Emotions play an integral role in the progress and outcome of negotiations. And that is why you must maintain control over them throughout the negotiation process. To do that, consider:

1. Thinking ahead – Before the negotiation, consider what might upset you or your opposite and how you will address it. The more points you can identify, the better prepared you will become if they arise during your talks.

2. Know Triggers – Triggers are stimuli, usually from past experiences, that can cause a negotiator to adopt an action.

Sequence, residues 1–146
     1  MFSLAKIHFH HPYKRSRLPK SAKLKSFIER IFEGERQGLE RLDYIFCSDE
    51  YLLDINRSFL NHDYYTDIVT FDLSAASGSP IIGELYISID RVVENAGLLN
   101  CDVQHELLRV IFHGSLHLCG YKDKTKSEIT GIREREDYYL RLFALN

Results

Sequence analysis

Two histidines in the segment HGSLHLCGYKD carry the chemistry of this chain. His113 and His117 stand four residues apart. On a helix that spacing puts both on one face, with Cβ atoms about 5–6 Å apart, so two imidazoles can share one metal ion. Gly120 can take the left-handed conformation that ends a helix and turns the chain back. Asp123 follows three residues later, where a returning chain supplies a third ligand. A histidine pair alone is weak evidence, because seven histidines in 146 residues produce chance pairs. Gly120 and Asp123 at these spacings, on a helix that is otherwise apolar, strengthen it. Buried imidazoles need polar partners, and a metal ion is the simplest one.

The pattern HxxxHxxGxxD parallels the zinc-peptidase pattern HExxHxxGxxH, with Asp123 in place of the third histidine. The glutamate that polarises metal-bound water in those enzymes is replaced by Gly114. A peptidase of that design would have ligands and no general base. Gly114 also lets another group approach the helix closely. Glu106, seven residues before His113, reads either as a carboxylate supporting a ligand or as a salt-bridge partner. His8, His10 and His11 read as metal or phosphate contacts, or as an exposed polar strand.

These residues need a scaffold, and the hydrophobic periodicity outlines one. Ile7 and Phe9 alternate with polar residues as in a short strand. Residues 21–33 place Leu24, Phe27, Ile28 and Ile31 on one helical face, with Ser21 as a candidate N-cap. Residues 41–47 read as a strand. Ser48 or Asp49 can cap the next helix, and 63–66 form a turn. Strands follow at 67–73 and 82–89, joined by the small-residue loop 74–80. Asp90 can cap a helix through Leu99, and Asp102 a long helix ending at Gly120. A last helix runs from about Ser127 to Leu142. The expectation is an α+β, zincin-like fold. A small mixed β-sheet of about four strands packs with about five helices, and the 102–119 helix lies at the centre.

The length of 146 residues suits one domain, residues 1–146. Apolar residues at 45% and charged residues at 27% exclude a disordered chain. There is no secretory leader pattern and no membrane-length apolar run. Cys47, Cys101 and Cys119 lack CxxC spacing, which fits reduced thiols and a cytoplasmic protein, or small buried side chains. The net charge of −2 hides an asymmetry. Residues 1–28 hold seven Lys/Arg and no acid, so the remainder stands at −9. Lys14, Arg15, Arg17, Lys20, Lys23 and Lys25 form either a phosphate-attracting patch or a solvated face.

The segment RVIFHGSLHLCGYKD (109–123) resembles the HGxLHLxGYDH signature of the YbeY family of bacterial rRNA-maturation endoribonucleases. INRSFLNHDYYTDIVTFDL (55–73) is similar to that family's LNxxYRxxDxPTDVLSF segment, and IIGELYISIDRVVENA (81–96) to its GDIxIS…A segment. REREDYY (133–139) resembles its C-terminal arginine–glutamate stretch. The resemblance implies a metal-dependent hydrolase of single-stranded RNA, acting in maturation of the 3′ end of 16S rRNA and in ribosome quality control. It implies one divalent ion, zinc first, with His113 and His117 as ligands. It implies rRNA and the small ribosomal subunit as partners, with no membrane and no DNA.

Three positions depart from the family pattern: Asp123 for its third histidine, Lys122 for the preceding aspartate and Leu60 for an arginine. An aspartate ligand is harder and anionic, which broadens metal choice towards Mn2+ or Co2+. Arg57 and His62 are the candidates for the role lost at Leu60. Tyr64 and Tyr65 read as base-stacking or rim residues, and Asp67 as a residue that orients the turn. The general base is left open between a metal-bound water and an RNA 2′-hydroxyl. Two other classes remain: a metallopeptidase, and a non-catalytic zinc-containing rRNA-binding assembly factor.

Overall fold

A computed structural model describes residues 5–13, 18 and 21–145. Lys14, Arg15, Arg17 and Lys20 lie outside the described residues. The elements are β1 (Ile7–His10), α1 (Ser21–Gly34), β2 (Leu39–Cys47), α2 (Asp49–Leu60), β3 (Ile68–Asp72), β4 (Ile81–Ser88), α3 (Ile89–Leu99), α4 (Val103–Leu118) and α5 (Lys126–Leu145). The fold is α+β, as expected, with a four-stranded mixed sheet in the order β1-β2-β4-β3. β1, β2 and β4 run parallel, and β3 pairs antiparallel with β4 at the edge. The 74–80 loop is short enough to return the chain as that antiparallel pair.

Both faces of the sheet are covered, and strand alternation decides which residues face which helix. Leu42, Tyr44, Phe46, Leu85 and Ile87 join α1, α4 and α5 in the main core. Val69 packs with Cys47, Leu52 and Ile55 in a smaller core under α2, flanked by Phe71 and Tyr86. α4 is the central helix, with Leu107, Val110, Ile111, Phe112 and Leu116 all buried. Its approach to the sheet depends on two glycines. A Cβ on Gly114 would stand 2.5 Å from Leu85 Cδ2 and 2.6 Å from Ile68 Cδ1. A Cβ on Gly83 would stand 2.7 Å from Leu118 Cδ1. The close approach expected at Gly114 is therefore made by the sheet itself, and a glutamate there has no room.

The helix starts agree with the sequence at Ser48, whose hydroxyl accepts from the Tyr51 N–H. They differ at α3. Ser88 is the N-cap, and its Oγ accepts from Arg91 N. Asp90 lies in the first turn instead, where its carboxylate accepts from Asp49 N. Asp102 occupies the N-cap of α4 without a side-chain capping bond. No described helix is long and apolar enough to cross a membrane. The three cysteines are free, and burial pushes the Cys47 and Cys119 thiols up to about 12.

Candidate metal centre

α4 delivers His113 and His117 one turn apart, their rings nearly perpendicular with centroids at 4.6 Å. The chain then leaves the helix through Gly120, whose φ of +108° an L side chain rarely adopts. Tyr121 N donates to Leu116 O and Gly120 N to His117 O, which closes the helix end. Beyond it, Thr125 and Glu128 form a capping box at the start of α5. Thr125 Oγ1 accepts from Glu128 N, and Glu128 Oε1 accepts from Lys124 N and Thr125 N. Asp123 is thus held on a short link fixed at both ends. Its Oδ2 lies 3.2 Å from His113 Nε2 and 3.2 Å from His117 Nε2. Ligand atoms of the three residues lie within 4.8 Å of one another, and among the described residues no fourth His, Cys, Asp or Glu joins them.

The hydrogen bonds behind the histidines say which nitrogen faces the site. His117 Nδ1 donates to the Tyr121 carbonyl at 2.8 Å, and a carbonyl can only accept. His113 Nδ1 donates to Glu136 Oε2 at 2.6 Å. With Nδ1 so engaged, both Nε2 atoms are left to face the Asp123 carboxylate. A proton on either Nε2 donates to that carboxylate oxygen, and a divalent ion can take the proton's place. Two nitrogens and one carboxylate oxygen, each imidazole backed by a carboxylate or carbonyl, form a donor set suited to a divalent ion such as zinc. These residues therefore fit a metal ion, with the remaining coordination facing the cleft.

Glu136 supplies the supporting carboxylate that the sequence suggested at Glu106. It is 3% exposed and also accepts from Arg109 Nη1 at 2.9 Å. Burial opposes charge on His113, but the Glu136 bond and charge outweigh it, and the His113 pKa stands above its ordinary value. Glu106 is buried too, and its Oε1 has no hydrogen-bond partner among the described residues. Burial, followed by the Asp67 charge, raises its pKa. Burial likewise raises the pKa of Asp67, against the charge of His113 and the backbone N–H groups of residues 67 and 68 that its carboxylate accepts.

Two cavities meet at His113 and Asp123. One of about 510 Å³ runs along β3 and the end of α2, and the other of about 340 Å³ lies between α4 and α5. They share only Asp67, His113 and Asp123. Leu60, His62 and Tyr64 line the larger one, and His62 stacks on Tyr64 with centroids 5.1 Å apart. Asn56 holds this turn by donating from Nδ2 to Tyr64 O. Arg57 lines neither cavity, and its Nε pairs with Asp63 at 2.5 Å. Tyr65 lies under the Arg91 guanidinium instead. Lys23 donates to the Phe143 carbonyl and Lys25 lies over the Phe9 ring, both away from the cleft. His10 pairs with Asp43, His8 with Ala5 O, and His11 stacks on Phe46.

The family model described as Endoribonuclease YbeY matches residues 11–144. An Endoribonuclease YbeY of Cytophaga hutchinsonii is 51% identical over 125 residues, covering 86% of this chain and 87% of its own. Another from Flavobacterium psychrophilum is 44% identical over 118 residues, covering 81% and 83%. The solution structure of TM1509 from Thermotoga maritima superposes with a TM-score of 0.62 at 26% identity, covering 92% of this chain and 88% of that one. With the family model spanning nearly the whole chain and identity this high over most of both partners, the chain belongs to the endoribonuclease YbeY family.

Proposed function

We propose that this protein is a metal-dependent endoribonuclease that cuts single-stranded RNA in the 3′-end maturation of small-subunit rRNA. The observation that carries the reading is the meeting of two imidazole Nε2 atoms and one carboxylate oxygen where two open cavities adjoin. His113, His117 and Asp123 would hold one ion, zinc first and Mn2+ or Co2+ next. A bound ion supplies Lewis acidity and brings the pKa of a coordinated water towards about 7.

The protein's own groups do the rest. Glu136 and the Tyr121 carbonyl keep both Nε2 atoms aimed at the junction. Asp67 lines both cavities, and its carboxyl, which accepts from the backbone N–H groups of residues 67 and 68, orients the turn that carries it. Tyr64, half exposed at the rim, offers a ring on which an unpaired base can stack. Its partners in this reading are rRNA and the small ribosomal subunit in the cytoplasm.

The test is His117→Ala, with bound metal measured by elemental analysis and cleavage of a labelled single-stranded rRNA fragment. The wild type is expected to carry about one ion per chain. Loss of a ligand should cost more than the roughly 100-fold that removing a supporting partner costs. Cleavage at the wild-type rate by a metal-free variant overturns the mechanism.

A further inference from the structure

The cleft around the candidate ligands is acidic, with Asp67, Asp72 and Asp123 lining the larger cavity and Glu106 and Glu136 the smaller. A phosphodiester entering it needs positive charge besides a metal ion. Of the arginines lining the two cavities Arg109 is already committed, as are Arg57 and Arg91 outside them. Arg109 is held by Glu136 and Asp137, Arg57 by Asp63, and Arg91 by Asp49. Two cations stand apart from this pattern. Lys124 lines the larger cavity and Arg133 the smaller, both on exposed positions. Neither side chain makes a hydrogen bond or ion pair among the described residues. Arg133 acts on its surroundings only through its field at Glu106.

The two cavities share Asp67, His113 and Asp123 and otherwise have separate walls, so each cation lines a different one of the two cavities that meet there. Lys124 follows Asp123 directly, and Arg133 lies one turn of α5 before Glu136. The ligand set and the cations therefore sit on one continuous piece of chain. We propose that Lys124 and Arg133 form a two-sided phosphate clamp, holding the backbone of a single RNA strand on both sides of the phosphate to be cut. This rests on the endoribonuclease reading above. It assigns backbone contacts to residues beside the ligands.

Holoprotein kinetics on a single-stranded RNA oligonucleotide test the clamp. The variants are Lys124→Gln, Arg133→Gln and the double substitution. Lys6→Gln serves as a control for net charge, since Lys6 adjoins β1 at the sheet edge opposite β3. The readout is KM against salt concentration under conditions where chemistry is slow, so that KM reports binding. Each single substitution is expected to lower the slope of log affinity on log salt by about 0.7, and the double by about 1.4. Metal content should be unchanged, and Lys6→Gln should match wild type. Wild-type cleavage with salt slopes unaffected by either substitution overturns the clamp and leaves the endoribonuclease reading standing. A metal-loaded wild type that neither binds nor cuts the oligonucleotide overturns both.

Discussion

3. Plan breaks – A lack of rest can cause stress. During periods of high anxiety, one’s emotions can become easily irritated. That can lead to a loss of emotional control. To avert that, plan strategic breaks into the process.


When presented with negotiation deadlines, never consider yourself defenseless. If you control your emotions, opportunities will present themselves if you know how to uncover them.

Also, when issuing deadlines, frame them so you do not back yourself or the opposition into a corner. That will not serve you. Instead, use deadlines strategically, control emotions, and understand their impact on the discussion. And everything will be right with the world.

Remember, you’re always negotiating!

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After reading this article, what are you thinking? I’d like to know. Reach me at Greg@TheMasterNegotiator.com